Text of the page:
No Slowing Europe's Rush to the Web

PARIS/FRANKFURT, Germany — The beating dot-com start-ups have taken on global stock exchanges in the last three months has not stopped the rush to the Web across most of Europe, especially in markets such as Germany and France.

What is notable, analysts said, is the Internet growth of established brick-and-mortar companies and the creation of business-to-business platforms among automobiles, chemicals, pharmaceuticals and other major industries.

Manufacturers of construction materials in the United Kingdom, Germany and France last month planned to set up the world's largest electronic marketplace in their industry.

Partners in the venture include Lafarge, a French cement manufacturer, the Heidelberger Zement AG and two British concrete-for-transport companies, RMC and Hanson.

The goals are lower costs and higher sales.

Germany's Commerzbank announced plans for a financial services portal only days after efforts to merge with Dresdner Bank failed. The German financial institution plans a joint venture with four other European banks — the Royal Bank of Scotland, the Spanish Banco Santander Central Hispano, Italy's Sanpaolo Imi and the Societe Generale, a major French bank. Each bank plans to take a 20 percent stake in the portal.

All five banks plan to compete on the same Web site for business enterprises and institutional investors.

“Customers will be able to compare the products of five banks at a glance,” said Peter Pietsch, spokesman at Commerzbank.

In the Netherlands the ABN Ambro Bank and KPN, the privatized Dutch telecom, plan to launch another online financial service to be called “Money Planet.”

The venture will be limited to Europe with the initial focus on Germany and the Benelux countries, which are Belgium, the Netherlands and Luxembourg. Over the next two years the combine plans to invest 150 million to 200 million euros ($145 million to $190 million USD).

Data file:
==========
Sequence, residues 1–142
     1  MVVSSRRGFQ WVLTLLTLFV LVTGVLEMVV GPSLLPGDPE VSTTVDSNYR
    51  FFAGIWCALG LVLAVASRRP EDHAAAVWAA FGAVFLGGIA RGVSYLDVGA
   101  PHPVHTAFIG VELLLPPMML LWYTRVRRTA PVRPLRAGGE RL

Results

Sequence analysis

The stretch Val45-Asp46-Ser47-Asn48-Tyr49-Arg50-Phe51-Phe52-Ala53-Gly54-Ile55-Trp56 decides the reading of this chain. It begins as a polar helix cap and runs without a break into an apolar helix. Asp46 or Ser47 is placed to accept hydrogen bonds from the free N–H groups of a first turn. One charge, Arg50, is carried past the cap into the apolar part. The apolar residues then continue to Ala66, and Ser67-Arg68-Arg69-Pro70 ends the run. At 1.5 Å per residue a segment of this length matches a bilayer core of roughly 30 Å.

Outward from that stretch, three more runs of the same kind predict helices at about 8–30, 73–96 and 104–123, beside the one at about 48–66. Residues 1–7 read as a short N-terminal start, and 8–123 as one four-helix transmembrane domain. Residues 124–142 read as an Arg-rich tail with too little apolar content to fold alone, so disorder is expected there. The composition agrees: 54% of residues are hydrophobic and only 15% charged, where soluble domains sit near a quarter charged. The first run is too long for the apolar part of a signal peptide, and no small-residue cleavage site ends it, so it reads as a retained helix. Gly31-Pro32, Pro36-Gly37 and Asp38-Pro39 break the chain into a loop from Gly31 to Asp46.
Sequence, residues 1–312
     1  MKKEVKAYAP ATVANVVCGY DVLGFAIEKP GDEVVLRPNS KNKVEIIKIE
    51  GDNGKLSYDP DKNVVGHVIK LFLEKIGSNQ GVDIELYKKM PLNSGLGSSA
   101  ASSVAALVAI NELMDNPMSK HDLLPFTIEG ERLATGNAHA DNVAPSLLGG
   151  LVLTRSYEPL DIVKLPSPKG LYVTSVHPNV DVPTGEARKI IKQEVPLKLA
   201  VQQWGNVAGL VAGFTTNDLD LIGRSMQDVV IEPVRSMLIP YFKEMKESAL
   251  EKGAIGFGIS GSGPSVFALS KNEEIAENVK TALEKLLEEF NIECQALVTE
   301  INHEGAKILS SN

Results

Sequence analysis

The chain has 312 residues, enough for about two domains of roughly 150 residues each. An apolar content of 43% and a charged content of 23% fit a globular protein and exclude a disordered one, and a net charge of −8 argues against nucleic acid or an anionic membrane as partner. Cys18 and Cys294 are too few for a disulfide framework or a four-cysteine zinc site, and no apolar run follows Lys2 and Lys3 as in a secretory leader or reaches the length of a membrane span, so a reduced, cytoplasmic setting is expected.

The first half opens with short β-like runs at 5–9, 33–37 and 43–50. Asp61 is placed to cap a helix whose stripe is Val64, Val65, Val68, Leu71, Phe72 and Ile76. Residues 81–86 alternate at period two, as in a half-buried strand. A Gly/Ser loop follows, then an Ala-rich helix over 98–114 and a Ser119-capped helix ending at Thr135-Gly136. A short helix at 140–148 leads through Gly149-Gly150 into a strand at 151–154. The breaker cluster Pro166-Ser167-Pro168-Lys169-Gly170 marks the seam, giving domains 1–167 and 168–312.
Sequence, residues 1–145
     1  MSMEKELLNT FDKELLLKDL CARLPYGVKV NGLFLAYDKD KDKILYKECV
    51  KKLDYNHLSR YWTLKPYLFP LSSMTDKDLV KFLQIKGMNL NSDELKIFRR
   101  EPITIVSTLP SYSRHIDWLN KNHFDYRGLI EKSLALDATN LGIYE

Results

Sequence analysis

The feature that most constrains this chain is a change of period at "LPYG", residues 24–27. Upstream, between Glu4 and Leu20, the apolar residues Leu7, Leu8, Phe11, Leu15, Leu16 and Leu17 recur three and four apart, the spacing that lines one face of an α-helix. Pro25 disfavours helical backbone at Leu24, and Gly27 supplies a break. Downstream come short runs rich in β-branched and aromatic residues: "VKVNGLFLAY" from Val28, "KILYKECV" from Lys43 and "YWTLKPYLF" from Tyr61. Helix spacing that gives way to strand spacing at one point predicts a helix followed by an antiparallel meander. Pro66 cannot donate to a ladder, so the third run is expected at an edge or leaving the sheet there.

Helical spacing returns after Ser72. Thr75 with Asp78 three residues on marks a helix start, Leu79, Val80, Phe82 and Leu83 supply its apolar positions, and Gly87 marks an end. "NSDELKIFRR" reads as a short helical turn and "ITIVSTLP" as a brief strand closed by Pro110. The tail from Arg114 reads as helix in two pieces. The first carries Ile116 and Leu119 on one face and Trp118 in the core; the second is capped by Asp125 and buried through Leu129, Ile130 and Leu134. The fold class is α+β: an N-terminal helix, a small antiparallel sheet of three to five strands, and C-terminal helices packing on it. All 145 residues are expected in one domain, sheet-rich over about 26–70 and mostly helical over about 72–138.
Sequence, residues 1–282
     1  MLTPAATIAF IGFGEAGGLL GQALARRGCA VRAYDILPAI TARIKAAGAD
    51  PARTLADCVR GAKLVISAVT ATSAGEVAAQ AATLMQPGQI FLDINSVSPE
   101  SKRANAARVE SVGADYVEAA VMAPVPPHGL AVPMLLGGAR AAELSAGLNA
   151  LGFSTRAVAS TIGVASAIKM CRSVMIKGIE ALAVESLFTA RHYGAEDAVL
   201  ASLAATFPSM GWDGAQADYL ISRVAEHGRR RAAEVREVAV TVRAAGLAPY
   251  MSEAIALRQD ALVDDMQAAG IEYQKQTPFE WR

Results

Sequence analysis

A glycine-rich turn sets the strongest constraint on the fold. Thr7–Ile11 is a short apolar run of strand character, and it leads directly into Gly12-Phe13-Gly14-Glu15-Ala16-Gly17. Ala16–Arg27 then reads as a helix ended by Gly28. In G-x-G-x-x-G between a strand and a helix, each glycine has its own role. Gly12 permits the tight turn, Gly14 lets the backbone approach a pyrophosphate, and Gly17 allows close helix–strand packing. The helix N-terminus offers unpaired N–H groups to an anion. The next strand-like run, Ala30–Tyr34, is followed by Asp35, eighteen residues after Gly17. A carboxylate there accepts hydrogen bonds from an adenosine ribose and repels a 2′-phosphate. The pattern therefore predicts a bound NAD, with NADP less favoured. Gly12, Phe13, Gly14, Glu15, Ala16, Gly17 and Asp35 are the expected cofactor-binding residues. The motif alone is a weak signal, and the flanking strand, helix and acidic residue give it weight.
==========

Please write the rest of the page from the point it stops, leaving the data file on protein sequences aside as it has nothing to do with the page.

The two Dutch partners estimate that the European market for financial services is worth about 84 billion euros ($80 billion USD). They expect the venture to turn a profit in Benelux and Germany within four years.

The Kirch Group, one of Germany's largest media players with vast pay TV and film library holdings, is set to reveal its Internet plans this month. They have been in preparation for more than a year.

The portal will draw on the massive content available in Kirch's media properties that range from up-to-the-minute business news courtesy of newschannel n-tv to major league soccer games carried on other group channels.

Kirch does not plan to charge access fees to the various services offered online, at least not initially, and is said to have budgeted for losses of 100 million deutsche marks ($50 million USD) over the next five years.

Nor has financing of dot-coms dried up entirely, especially not for companies with a clear profit focus and a product likely to make money. Some recent examples: a Danish health service site and a French flower site.

Netdoktor, Copenhagen, Denmark, first went onto the Web in June 1998 with a product that translated medical terminology into plain language that consumers could understand and on which they could base healthcare and pharmaceutical purchases.

In the fall of 1999 Apax partners took a 50 percent stake in the company allowing expansion into five other countries — Norway, Sweden, Austria, Germany and the United Kingdom. The service is free but the owners hope to charge for it in the future with insurance companies picking up the tab.

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